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Wednesday, February 26, 2014


Judith with Holofernes, 1596, Fede Galizia
Judith with Holofernes (detail),
of the dress, Fede Galizia
Fede Galizia Self-portrait, preliminary
drawing for Judith with Holofernes
It's not to uncommon for me to begin researching an artist and then get sidetracked by a far more interesting and important painting or topic I encounter along the way. Today I began looking at the work of the Italian Renaissance artist, Fede, Galizia. Female artists, especially during that period, are as rare as hen's teeth, so I began accumulating images of some of her work. Her most famous painting turned out to be her version of one of the most consistently popular figures since the early Renaissance--Judith (along with her co-star, Holofernes). Galizia's version is above. It's a typical rendition from the Mannerist era, exceptional primarily for the extreme detail Galizia renders in Judith's ornate frock (above, left). Her father painted miniatures. Also interesting is the fact that she apparently used herself as the model for Judith (above, right).

Judith Beheading Holofernes, 1598-99, Caravaggio--one of the bloodiest

Judith and Holofernes,
1431(?), Andrea Mantegna.
Judith and Holofernes,
1455-60, Donatello
Many people think the incident involving Judith and Holofernes is from the Bible. Actually, it's not (unless you're Catholic, that is.) It's from the Book of Judith in the Catholic Old Testament as accepted by the 5th century Bible scholar, Jerome, who chose to make it a part of the Latin Vulgate. Protestants consider the Book of Judith as part of the Apocrypha. It's just as well, the whole bloody incident is hardly the stuff of Sunday School lessons. Although a few artists may have latched onto the episode somewhat earlier, the earliest painted image of Judith I can find comes from the brush of Andrea Mantegna around 1431 (left, that date is not consistent with all sources). However, it seems to have been the sculptor, Donatello, whose bronze masterpiece dating from 1455-60 (above, right), most popularized the story for painters.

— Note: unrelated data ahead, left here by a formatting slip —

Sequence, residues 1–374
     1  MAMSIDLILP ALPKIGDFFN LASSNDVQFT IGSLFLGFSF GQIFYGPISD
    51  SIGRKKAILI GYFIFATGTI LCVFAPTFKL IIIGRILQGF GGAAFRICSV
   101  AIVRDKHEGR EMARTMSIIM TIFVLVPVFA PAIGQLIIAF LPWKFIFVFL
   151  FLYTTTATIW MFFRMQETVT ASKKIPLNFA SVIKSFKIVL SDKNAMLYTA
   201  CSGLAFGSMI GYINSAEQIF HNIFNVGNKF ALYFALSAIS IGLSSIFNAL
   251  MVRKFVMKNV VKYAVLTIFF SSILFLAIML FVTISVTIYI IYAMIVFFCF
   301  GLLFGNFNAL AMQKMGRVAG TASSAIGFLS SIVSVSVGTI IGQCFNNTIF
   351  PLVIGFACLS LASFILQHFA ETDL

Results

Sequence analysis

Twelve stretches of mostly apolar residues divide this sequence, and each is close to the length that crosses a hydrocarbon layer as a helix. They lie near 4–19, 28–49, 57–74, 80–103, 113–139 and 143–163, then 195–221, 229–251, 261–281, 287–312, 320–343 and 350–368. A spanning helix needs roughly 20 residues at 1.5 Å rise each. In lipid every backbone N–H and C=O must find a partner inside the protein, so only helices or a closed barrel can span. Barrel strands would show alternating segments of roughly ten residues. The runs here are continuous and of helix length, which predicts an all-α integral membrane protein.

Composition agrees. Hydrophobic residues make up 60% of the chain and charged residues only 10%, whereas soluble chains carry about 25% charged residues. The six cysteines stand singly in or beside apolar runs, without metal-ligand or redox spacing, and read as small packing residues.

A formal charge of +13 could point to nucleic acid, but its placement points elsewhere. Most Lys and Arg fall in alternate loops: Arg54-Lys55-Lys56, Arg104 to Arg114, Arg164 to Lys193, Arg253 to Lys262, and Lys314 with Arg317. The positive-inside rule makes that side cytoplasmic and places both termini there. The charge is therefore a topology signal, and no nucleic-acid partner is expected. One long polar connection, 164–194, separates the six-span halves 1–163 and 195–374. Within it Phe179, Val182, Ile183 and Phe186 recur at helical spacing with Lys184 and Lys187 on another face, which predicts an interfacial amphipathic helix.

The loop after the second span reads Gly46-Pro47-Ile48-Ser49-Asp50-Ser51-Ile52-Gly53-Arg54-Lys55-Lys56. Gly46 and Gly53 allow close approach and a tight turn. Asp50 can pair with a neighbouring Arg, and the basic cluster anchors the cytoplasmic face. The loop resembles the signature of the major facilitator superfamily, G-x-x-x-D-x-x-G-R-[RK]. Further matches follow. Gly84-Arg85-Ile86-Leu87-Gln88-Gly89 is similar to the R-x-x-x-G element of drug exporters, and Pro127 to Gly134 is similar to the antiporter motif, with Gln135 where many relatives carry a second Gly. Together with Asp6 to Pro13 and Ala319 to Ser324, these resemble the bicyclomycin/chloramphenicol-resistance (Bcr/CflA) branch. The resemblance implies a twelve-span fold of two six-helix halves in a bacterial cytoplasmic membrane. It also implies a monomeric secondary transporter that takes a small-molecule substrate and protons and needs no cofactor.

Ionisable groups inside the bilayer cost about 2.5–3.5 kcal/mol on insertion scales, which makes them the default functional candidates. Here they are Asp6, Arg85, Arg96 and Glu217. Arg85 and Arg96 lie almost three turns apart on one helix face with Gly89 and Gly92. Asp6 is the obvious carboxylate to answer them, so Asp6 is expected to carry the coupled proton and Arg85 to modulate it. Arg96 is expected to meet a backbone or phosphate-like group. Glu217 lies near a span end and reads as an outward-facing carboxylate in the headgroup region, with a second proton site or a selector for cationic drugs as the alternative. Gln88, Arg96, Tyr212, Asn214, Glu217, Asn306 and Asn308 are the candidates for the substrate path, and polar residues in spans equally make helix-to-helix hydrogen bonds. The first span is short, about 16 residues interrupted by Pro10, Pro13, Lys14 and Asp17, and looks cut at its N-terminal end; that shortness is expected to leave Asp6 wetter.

Judith Slaying Holofernes, 1620-21, Artemisia Gentileschi
And precisely what is this story from the Book of Judith? Judith, is a beautiful widow able to enter the tent of Holofernes, an Assyrian general, because of his desire for her. He is about to destroy the Judith's hometown of Bethulia. Though artists have sometimes suggested otherwise, the Book of Judith insists there was nothing sexual between them. She gets him drunk, he passes out, she cuts off his head, whereupon it is taken away in a basket by an elderly servant, usually depicted as being female. Most artist renderings fall into one of two categories, the slaying itself, or the removal of the evidence from the scene of the crime (though, sometimes, both, as seen below by Michelangelo).

Michelangelo's Judith, her servant, and the headless Holofernes, Sistine Chapel, 1508-12.
Judith, 1927, Fran Stuck
Judith, 1901, Gustave Klimt
The list of artists who have jumped at the chance to depict such a traumatic scene is quite lengthy. It's said more than 141 different paintings have been rendered of the subject by almost that many different artists (a few have painted it more than once). Michelangelo saw fit to include the incident in one corner of his Sistine Chapel ceiling (above). The Germans and the Northern Renaissance artists loved the story  Lucas Cranche (the elder) painted it around 1530. Among the dozens of others who have tackled the subject are Caravaggio, and Artemisia Gentileschi (who seemed to be trying to outdo one another as to quantity of blood spilled), as well as Cristofano Allori, Sandro Botticelli and Giorgione (all 15th century), Veronese, Titian, Parmigianino, Rembrandt, Rubens, and a virtual "who's who" of other artists, big and small, good and bad. In modern times, Gustave Klimt (above, left) gave us his elegant take on the story (1901) along with Franz Stuck in 1927 (above, right). More recently (1997), the inimitable Russian pair, Vitaliy Komar and Alexander Melamed, produced a surprisingly uncontroversial Judith on the Red Square (below), which casts a shadowy, young, Russian girl as Judith holding up the head of Holofernes as played by Joseph Stalin.

Judith on the Red Square, 1997, Vitaliy Komar, Alexander Melamed--a bloodless coup.


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